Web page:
The extended heel is designed to give a runner a more responsive ride without sacrificing that super-soft landing. And though these are not as bouncy as some of the other shoes I’ve tried (the Nike Air Zoom Pegasus 39, for instance), they were genuinely enjoyable to run in. They handled well on every turn and provided a firm, stable landing. I wouldn’t say they lack energy return; they’re just not quite as snappy (or lightweight) as a race-day shoe.

A couple other in-the-weeds points that I think are worth mentioning: First, the Bondi 8 is a neutral running shoe. Without getting into too much running-shoe geekery, broadly speaking, neutral running shoes allow your feet to fall naturally and don’t try to force any corrections for pronation. Running nerds love to debate whether pronation should be corrected (with stability shoes that more or less force your foot into a “correct” landing), or if you should just let your feet fall naturally. If you do want a shoe that fixes your stride or corrects imbalances, you should know that the Bondi 8 is not a stability shoe and isn’t going to do that for you.

Second, the Bondi 8 has a 4-mm drop. (The drop of a shoe refers to the decline in height from the heel to the toe. Walking around without any shoes on would be a 0-mm drop.) Some running nerds feel that heel strikers may be better served by having a higher drop (usually greater than 6 or 7 mm). Many beginner runners tend to be heel strikers, thus higher drops are often recommended if you’re new to the sport.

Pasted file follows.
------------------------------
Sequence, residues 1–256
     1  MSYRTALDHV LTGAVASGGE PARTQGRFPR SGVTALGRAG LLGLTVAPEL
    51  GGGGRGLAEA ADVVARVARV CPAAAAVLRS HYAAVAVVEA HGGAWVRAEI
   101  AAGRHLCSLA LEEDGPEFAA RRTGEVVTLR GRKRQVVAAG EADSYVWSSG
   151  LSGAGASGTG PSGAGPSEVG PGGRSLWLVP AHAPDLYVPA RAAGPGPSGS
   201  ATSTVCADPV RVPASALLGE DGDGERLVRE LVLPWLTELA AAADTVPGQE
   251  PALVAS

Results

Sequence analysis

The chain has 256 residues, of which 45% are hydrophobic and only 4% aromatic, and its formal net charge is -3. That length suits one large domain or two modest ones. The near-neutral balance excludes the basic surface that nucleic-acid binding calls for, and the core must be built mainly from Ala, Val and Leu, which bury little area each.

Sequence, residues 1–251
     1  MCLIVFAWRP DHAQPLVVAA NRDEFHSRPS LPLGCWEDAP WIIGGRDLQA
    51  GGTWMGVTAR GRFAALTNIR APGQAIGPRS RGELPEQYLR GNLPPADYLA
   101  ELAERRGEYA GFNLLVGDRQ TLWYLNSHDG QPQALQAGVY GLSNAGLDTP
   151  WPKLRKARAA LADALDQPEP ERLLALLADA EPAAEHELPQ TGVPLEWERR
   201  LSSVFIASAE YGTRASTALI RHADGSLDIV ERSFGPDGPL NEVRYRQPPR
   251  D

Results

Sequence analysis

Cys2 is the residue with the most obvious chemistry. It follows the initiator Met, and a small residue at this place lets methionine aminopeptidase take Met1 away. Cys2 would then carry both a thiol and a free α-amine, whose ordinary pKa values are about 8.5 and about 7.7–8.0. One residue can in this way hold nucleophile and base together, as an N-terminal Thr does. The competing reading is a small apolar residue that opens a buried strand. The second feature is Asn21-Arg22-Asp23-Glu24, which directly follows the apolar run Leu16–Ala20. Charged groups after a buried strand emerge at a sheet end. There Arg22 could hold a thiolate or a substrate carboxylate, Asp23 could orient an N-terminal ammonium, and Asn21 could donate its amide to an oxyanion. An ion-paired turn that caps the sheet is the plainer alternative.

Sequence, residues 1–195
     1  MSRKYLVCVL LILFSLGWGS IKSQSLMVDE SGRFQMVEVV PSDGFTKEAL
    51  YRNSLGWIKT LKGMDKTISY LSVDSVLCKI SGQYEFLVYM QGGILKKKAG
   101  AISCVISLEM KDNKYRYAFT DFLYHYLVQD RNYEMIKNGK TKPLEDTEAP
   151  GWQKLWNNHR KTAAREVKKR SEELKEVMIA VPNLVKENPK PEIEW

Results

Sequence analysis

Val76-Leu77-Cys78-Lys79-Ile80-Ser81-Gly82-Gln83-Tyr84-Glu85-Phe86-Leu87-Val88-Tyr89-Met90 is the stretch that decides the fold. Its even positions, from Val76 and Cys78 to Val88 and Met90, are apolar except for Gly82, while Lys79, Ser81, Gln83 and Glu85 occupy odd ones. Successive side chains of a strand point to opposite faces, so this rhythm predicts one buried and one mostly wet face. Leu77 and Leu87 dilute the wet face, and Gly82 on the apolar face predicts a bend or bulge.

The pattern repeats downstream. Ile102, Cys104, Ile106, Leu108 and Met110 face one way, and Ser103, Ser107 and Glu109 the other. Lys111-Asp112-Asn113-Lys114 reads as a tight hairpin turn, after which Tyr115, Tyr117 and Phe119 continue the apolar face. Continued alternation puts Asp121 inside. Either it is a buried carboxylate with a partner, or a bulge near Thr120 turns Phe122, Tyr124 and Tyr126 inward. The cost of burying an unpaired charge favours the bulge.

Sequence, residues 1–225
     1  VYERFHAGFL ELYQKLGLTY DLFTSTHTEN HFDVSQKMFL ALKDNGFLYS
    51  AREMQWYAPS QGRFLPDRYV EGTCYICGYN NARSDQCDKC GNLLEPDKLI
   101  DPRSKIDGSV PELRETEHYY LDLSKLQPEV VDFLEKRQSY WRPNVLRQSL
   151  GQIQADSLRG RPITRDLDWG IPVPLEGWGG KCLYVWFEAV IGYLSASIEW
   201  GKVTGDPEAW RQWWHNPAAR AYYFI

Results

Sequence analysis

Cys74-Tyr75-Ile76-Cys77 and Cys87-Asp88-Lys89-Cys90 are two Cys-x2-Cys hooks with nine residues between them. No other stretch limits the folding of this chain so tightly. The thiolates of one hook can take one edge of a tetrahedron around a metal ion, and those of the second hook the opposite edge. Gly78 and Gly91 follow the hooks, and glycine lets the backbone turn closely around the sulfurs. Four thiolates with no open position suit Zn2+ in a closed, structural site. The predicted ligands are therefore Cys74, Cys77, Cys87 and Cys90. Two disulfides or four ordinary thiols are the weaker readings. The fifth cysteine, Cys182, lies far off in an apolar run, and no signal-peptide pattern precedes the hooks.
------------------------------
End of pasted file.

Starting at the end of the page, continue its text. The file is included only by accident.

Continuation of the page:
I bring all of this up because if you’re a serious heel striker who knows you often over- or under-pronate significantly, no amount of high-stacked foam may help you to feel comfortable in a shoe like this. Likewise, if you’re brand new to running or still refining your form, you may benefit from a shoe with a higher drop. There’s really no right or wrong answer here; it’s just one more element to consider.

How My Body Felt During and After Activity

My hips, knees, and ankles felt great during and after every run. I also wore these shoes for a couple of quick bodyweight training sessions (doing moves like planks, skaters, and squat thrusts), and they also helped me feel supported and secure.

My legs weren’t more tired than usual after each run, and there was no lingering soreness or aches in the days that followed.

Company Return Policy

Hoka offers a FLY for 30 guarantee, meaning you can try out any product purchased through their website for 30 days and return it for a complete refund if you’re not satisfied.

The Bottom Line

As an editor, I’ve had the privilege of trying a huge variety of shoes, including Nike, Saucony, New Balance, Reebok, Adidas, APL, On, Brooks, Asics, and more. I love sneakers, and I’m always going to geek out about them. I regularly rotate through so many brands in my closet for various workouts, but when it comes to running, I get picky. And Hoka is one of the few brands I come back to again and again.

The Hoka Bondi 8 is an excellent example of a high-cushion sneaker that is perfect for anyone with cranky knees who is still looking to enjoy everyday, recreational running. This is not the shoe that will help you set a PR, nor will it give you the quickest toe-off or most responsive turnover. Instead, this is a shoe that will bring you joy—if joy to you means breathing deeply, taking in the scenery, and running pain-free mile after mile.